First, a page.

Fires, drought… Forests are recovering faster and faster

Forests around the world are becoming less resilient—that is, less and less able to recover and return to a stable state after a disturbance such as drought or fire. It is a conclusion a study published July 13 in the scientific journal Nature.

To achieve this result, the team of scientists analyzed data collected by satellites between 2000 and 2020. They allowed them to study the evolution of the state of the world’s vegetation over a long period of time.

Their findings are not encouraging: forests in tropical, temperate and arid zones are losing resilience. Only a few boreal forests in the Northern Hemisphere have increased in resilience in recent decades. The results of this study show that forests intact » – that is, those not managed by humans – have been slightly more resilient on average than logged forests in the early 2000s, but this difference has leveled off over the years. Over time, forests intact » and logged forests lost resilience at a similar rate.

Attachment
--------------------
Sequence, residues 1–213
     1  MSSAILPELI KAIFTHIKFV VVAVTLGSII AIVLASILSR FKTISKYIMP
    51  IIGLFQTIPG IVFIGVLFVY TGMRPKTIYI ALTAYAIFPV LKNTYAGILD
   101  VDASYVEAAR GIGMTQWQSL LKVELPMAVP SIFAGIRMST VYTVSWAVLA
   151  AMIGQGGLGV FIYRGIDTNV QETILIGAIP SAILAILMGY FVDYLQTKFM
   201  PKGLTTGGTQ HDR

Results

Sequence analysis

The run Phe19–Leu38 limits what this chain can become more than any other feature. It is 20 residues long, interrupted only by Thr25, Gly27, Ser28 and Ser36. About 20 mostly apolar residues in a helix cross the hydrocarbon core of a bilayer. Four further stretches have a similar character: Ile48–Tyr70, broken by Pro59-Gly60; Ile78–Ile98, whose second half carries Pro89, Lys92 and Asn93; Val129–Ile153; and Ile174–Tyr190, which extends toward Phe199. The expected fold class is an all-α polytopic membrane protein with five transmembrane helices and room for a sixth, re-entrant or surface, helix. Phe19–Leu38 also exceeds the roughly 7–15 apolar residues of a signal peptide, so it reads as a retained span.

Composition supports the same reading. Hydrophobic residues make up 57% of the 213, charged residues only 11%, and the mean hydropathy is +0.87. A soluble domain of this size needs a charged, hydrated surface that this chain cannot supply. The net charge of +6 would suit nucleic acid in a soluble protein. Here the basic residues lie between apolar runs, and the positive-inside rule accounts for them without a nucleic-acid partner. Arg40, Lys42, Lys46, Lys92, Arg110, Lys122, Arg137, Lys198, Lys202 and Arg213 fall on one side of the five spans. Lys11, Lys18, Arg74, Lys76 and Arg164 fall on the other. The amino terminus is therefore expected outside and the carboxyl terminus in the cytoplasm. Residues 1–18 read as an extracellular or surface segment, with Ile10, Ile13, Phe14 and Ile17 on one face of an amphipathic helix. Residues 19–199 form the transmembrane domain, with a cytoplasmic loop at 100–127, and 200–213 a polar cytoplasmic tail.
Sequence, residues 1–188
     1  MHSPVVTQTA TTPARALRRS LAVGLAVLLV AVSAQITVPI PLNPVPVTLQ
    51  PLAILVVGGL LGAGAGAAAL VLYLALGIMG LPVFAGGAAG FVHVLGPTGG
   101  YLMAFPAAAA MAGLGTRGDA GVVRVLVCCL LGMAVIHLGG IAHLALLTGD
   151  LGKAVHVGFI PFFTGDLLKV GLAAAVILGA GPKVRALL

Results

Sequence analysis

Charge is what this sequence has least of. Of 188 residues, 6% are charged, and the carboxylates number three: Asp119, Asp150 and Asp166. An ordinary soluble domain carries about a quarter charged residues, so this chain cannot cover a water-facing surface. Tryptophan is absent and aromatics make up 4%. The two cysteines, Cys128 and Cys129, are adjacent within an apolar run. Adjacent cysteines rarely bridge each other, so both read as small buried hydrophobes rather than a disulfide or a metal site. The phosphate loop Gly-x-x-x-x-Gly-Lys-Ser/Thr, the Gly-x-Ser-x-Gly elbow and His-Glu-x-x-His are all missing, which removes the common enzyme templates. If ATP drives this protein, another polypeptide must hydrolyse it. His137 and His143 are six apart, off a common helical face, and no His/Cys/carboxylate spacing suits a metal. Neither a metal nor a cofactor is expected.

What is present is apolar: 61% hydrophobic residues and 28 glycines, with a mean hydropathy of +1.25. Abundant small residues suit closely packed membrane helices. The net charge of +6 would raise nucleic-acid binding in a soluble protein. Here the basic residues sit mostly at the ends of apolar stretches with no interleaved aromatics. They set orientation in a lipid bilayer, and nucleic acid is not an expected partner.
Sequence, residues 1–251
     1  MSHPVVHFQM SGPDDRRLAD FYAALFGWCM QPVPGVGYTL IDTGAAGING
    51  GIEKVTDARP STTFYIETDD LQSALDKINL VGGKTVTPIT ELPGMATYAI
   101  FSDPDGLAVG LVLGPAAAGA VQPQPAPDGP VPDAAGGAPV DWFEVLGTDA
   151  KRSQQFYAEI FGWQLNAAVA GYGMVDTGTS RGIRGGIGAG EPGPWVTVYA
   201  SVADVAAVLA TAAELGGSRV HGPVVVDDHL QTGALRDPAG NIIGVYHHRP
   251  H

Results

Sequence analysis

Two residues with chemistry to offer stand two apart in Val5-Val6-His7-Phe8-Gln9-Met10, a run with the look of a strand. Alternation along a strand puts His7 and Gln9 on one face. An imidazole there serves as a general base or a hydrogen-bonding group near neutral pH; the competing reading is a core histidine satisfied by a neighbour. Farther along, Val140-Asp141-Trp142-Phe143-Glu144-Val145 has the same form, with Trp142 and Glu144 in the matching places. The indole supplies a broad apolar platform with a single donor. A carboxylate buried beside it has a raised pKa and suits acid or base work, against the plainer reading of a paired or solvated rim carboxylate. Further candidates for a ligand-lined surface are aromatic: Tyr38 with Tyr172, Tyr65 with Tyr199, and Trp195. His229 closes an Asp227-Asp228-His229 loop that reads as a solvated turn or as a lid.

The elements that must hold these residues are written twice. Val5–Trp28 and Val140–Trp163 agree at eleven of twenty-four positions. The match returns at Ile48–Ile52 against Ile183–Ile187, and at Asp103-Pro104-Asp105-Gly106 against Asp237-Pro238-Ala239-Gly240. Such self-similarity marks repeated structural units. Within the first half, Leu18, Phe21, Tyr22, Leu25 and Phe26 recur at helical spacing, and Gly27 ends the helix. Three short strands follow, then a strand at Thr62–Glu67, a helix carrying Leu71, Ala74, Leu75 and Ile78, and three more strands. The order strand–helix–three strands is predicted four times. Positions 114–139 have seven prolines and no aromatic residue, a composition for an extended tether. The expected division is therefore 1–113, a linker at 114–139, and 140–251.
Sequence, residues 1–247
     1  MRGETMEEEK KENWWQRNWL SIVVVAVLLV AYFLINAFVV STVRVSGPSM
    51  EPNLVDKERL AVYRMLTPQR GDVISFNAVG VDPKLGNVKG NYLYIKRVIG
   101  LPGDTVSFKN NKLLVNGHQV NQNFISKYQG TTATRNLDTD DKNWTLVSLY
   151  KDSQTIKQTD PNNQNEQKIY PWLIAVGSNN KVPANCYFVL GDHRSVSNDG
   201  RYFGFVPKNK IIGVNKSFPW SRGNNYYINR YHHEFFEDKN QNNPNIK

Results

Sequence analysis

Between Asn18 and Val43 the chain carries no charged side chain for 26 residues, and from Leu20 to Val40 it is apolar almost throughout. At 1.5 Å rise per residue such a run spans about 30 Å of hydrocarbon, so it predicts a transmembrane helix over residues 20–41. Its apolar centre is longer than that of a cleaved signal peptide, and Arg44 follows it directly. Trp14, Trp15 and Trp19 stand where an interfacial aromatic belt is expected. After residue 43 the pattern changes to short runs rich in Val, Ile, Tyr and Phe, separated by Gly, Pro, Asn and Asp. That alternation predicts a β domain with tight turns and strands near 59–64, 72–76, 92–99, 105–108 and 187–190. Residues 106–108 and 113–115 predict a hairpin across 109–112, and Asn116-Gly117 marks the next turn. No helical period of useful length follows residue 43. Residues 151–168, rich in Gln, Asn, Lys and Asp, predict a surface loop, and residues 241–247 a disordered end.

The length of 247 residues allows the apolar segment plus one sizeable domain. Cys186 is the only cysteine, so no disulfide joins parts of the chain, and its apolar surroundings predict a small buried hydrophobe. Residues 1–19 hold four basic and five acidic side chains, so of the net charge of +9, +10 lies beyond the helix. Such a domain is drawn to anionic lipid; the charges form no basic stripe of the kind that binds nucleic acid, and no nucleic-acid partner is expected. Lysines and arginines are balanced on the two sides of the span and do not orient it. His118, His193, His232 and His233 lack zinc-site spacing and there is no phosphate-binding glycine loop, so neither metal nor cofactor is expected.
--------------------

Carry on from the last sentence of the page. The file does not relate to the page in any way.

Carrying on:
According to scientists, this loss of resilience is probably due to climate change. Its consequences can be dramatic. Recent studies show, for example, that three-quarters of the Amazon rainforest has lost its resilience over the past twenty years. This extremely rich ecosystem is less and less able to recover and return to its previous state after disturbance. Eventually, it risks turning into a savannah, releasing tens of billions of tons of carbon dioxide into the atmosphere.

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Darell Goodwin

"Beer fanatic. Tv evangelist. General music specialist. Coffee lover. Social media fan. Friendly travel practitioner."

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